Garbage Collection: Automatic Memory Management in the Microsoft .NET Framework 1

MSDN Magazine

Garbage Collection: Automatic Memory Management in the Microsoft .NET Framework

Jeffrey Richter
This article assumes you�re familiar with C and C++
Level of Difficulty     1   2   3 
SUMMARY Garbage
collection in the Microsoft .NET common language runtime environment
completely absolves the developer from tracking memory usage and knowing
when to free memory. However, you’ll want to understand how it works.
Part 1 of this two-part article on .NET garbage collection explains how
resources are allocated and managed, then gives a detailed step-by-step
description of how the garbage collection algorithm works. Also
discussed are the way resources can clean up properly when the garbage
collector decides to free a resource’s memory and how to force an object
to clean up when it is freed.
Implementing
proper resource management for your applications can be a difficult,
tedious task. It can distract your concentration from the real problems
that you’re trying to solve. Wouldn’t it be wonderful if some mechanism
existed that simplified the mind-numbing task of memory management for
the developer? Fortunately, in .NET there is: garbage collection (GC).
      Let’s
back up a minute. Every program uses resources of one sort or
anotherâ€"memory buffers, screen space, network connections, database
resources, and so on. In fact, in an object-oriented environment, every
type identifies some resource available for your program’s use. To use
any of these resources requires that memory be allocated to represent
the type. The steps required to access a resource are as follows:
  1. Allocate memory for the type that represents the resource.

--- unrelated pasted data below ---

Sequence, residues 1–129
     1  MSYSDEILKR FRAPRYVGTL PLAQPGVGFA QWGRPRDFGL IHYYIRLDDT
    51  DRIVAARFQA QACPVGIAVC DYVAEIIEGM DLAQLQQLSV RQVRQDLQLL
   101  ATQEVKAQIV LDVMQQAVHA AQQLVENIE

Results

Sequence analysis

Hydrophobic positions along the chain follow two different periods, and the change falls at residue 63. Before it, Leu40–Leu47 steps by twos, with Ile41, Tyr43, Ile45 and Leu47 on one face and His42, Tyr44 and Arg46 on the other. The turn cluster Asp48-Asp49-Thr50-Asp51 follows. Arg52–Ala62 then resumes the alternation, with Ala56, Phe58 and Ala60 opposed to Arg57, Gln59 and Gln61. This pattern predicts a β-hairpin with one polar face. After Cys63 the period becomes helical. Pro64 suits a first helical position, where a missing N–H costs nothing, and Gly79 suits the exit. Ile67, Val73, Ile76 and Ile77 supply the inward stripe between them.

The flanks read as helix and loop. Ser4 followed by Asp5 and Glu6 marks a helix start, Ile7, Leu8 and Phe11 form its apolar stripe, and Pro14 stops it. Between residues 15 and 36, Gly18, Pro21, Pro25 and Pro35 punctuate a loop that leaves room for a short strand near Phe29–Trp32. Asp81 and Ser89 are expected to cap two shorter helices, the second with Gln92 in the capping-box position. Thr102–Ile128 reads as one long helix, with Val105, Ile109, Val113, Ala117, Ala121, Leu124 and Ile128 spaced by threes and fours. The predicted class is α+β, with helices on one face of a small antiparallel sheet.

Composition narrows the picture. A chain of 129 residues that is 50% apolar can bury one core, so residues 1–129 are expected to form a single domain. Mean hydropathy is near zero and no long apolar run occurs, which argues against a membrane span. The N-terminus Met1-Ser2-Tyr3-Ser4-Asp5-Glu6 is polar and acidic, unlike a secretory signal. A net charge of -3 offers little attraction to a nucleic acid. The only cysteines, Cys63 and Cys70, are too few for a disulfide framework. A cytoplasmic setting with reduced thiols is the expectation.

2. Initialize the memory to set the initial state of the resource and to make the resource usable.
  3. Use the resource by accessing the instance members of the type (repeat as necessary).
  4. Tear down the state of the resource to clean up.
  5. Free the memory.

      This
seemingly simple paradigm has been one of the major sources of
programming errors. After all, how many times have you forgotten to free
memory when it is no longer needed or attempted to use memory after
you’ve already freed it?
      These two bugs are worse than most
other application bugs because what the consequences will be and when
those consequences will occur are typically unpredictable. For other
bugs, when you see your application misbehaving, you just fix it. But
these two bugs cause resource leaks (memory consumption) and object
corruption (destabilization), making your application perform in
unpredictable ways at unpredictable times. In fact, there are many tools
(such as the Task Manager, the System Monitor ActiveX® Control,
CompuWare’s BoundsChecker, and Rational’s Purify) that are specifically
designed to help developers locate these types of bugs.
      As I
examine GC, you’ll notice that it completely absolves the developer from
tracking memory usage and knowing when to free memory. However, the
garbage collector doesn’t know anything about the resource represented
by the type in memory. This means that a garbage collector can’t know
how to perform step fourâ€"tearing down the state of a resource. To get a
resource to clean up properly, the developer must write code that knows
how to properly clean up a resource. In the .NET Framework, the
developer writes this code in a Close, Dispose, or Finalize method,
which I’ll describe later. However, as you’ll see later, the garbage
collector can determine when to call this method automatically.
      Also,
many types represent resources that do not require any cleanup. For
example, a Rectangle resource can be completely cleaned up simply by
destroying the left, right, width, and height fields maintained in the
type’s memory. On the other hand, a type that represents a file resource
or a network connection resource will require the execution of some
explicit clean up code when the resource is to be destroyed. I will
explain how to accomplish all of this properly. For now, let’s examine
how memory is allocated and how resources are initialized.

Resource Allocation

      The Microsoft® .NET common
language runtime requires that all resources be allocated from the
managed heap. This is similar to a C-runtime heap except that you never
free objects from the managed heapâ€"objects are automatically freed
when they are no longer needed by the application. This, of course,
raises the question: how does the managed heap know when an object is no
longer in use by the application? I will address this question shortly.